You have to be lucky, to catch brigalow in flower. The plants will often go for years without it. However this season seems to be a good one, so look out for the flowers.

This undervalued plant is one of Australia’s prettiest wattles, but not so much for its rare flowers as for its beautiful, sickle-shapes leaves, its black trunk and branches, and its graceful form.


In certain lights, the leaves are a lovely shade of silver. They are especially good in the sunshine after rain, while they are still wet.

In other lights, the trees have a dull grey, almost sinister beauty.

Brigalows sucker if damaged or cut down. This can be a nuisance to those who want to clear paddocks for agriculture, but is an advantage to those who want fresh, young, edible regrowth within reach of their cattle.
It also means that a row of brigalow can be turned into an effective windbreak with a bit of deliberate damage around the lower trunks to promote suckering.
For those who complain that wattles are short-lived, here's one that can live to a great old age.

Brigalow is the main inland host plant for the critically endangered butterfly, the pale imperial hairstreak Jalmenus eubulus. Unfortunately, it breeds only in old-growth forest or woodland and does not appear to colonise regrowth habitats following clearing or other major disturbance. This is a very good reason for conserving areas of old-growth brigalow.
Sadly, another threat to this and others of our more beautiful endangered butterflies are those so-called “nature lovers” who express their love by owning and displaying dead butterflies.  It is illegal to "collect" (as in "kill") butterflies in Australia without a permit, but this does not deter the unscrupulous.

Propagating brigalow is easy, provided you know the tricks, and its tricks are different from those of most wattles.
Seed of most Acacia species is very long-lived. It can be stored for at least 25 years and probably much longer. When the time comes for planting, you put a few seeds in a coffee cup, pour boiling water over them and leave them overnight. The seeds swell (repeat the treatment for the ones that don’t) and can be planted, germinating in a week or two.
Brigalow is different, though. It’s thin-skinned seeds are short-lived, so there’s no point in storing them as they’ll only die in storage. They need to be planted as fresh as possible, and without subjecting them to boiling water, which would kill them. Treated this way, they germinate within days.
Given that flowering and seed production are erratic, producing new little brigalow plants is a matter of taking advantage of opportunities when they occur, and this coming season looks like providing that.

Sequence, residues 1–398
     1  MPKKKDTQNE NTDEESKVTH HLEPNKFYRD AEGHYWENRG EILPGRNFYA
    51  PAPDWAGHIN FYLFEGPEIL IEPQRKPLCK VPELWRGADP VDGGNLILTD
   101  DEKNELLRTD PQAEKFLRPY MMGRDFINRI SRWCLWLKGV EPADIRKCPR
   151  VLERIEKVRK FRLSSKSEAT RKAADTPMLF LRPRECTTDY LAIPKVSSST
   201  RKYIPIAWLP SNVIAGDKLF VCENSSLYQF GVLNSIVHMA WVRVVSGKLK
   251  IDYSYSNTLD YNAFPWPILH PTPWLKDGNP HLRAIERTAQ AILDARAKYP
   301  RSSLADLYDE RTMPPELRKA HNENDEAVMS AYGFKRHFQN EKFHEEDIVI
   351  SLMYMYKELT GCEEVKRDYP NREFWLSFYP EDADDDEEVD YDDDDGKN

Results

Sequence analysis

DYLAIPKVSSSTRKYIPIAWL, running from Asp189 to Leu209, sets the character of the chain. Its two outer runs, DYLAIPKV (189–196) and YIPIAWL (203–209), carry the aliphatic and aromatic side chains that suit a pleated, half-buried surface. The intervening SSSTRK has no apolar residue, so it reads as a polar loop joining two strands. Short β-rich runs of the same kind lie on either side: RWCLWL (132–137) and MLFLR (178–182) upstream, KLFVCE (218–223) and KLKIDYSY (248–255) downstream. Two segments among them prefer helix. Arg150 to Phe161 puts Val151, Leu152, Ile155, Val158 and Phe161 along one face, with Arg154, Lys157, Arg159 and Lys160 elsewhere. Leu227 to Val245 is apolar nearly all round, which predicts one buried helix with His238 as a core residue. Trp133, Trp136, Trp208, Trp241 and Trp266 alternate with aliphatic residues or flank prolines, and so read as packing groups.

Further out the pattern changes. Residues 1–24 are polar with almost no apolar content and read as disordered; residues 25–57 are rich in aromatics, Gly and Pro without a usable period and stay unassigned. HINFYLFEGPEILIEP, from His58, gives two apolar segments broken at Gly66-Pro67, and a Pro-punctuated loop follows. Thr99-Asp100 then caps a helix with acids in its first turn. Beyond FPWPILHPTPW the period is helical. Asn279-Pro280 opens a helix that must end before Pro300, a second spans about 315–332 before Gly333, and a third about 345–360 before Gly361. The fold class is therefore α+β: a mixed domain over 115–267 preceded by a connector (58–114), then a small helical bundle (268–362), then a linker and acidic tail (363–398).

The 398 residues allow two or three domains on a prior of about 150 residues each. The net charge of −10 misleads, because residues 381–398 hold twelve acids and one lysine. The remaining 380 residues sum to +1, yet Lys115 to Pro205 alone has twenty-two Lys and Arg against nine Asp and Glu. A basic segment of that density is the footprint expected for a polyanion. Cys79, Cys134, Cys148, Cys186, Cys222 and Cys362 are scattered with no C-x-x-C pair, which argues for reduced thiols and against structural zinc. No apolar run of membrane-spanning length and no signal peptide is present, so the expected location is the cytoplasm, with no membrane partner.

Friday, July 24, 2015

Common Wilga

Geijera parviflora

This type of scenery was once very common on the Darling Downs. A high, open canopy of Eucalyptus species was partially filled below with a lower canopy of common wilga and other dry vine scrub species.

The Lake Broadwater Regional Park* near Dalby preserves a portion of it. It is rich in wildlife because of the mosaic of varied environmental niches that this type of habitat provides. There are windbreaks and nectar for butterflies; grassy patches and shade for the kangaroos, nutritious fruits for birds, sheltering undergrowth for lizards and tiny mammals, and so on.
It’s a great spot for orchard butterflies, which breed on the wilga leaves, and for nesting birds, which come for the protein-rich mixture of edible insects attracted by the long winter/spring flowering season of the wilgas.

We are more familiar with wilgas as fence-line survivors in our farmscapes, where there are easily identified by their shape. They look like great green beach balls.

Where sheep graze under them, the lower half of the foliage disappears, leaving shady green umbrellas.

They make pretty garden plants, as seen in this young one photographed (above) in Peacehaven Botanic Garden in 2012.
They are also fast-growing. It was twice the height when I photographed it recently (below).

Wilga’s wild-life supporting credentials mean that it is more than a stand-alone addition to a garden. Like so many “scrub” plants, we can leave it show off its beautiful ground-sweeping shape, or we can imitate sheep and trim it up from below for a pretty little shade tree.
The strongly vertical lines of the dense narrow foliage make it a good background or contrast plant.

 Wilgas belong to the Rutaceae family. Like the other members (including citrus fruits), the crushed leaves release a very pleasant fragrance.


Wilgas are notoriously difficult to grow from seed.
Sarah Caldwell, who was a recent guest speaker at a Toowoomba Society for Growing Australian Plants meeting, said that the secret is to peel off the little black seed coats to remove the chemical that inhibits germination. I can’t wait to try it!
Other techniques used are to put seed-rich soil from under older plants into seed trays and water it. Older seeds which have lost their inhibitions will grow.
Or you can put fresh seeds in a muslin bag and hang it in a toilet cistern for a few months. The frequent changes of water are said to flush out the inhibiting chemicals.

This plant is very hardy to both frosts and droughts.

* For those who like to ponder on matters political, it is interesting that the Broadwater park has had a recent name change. Its status as a “Regional Park” is new. Until the Newman government was elected and decided to fiddle with nomenclature and other aspects of our environment protection laws, it was called the “Lake Broadwater Conservation Park”. Gazetted in 1881 to conserve the only large, naturally-occurring freshwater lake on the Darling Downs and its flora and fauna, it is a nationally important wetland.

It was an odd thing to do, to carefully remove the word “conservation” from the names of our state’s Conservation Parks. What were they thinking?
And why has the current Labor Government, which was so fiercely opposed to the raft of changes made by the Newman Government to Queensland’s Nature Conservation Act, not changed it back?
The ways of politicians are mysterious indeed.